From left to right it starts with the vin number,  the next two columns have some info but mostly numbers which we believe are GM departments, accounting/project numbers and/or dealer numbers.

Status column has three basic classes...dealer, emp, scrap, then other comments,  

the paint column list the exterior color/top color.  TRIM is the interior color

The wheel column will have a X if the car had the N60 white wheel option

TAG INFO  gives lots of info......where it went, employee that purchased the car, etc

 

(added 8/17)

One additional note...in the STATUS column,  if the status is SCRAP and there is a black dot....that car was donated to a tech school and is unlikely to ever be titled.

GM insiders have told me the cars donated to tech schools have agreements to only be used for training (see windshield sticker) GM holds a Michigan scrap title (GM technically still owns the car)

and that they were written off for tax purposes....GM does not want them back (taxes)
 

 

1991 3.jpg

Edited by Barney Eaton (see edit history)
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Would the fact that it is shown as SCRAP on that sheet make it worth any more or less to collectors?  Seems like it being a unique car should make it worth more but I'm not sure about it being unique because it was supposed to be scrapped.  ???

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47 minutes ago, Ronnie said:

Would the fact that it is shown as SCRAP on that sheet make it worth any more or less to collectors?  Seems like it being a unique car should make it worth more but I'm not sure about it being unique because it was supposed to be scrapped.  ???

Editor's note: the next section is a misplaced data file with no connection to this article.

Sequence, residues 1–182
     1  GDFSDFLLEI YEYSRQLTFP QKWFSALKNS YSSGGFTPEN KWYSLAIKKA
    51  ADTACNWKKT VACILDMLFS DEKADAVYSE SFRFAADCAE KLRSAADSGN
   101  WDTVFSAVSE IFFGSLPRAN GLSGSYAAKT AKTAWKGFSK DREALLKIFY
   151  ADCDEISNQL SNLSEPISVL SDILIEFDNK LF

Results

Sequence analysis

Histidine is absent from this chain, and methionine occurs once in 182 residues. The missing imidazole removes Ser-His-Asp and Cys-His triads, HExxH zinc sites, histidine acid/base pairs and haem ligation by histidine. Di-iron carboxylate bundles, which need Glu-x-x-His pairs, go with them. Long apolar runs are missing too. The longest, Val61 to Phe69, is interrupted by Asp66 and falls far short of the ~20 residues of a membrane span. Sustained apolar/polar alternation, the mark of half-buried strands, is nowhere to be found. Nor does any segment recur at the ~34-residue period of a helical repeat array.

That’s a good question- to me I think it is, especially considering the car was used in the electric program at GM. The fact that Buick had planned on it to be scrapped but that in reality it’s an amazing 29,000 original mile car is interesting enough to me that I’d probably pay more for it...curious if others would feel the same. What do you think? There’s a lot of speculation, as Barney has also eluded to, about how many 91 Reatta convertibles are actually out there since so many were listed as scrap or donated, etc. This proves that there are at least a few out there in normal operating condition and being driven/collected.

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38 minutes ago, azreattacollector said:

What do you think?

 

To be honest I don't know how that would effect the value or collectibility with scrap in it's history.  I'm more into driving and repairing Reattas than collecting them so my opinion wouldn't be worth much.  Barney, Y-Job and some of the other guys would know a lot more about the value of low mileage and collectable Reattas than me. Maybe they will give their opinions.

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I think it really depends on who the buyer is. If the buyer is well aware of what the 91 verts went through it would be more valuable. I’m a big fan of lots of documentation so I know I’d appreciate it. Also I guess if it was supposed to be scrapped it makes it more unique. 

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Here is some interesting data.

I had a contact at R.L.Polk that owned a Reatta and for several years sent me a list of "registered" Reatta in the US.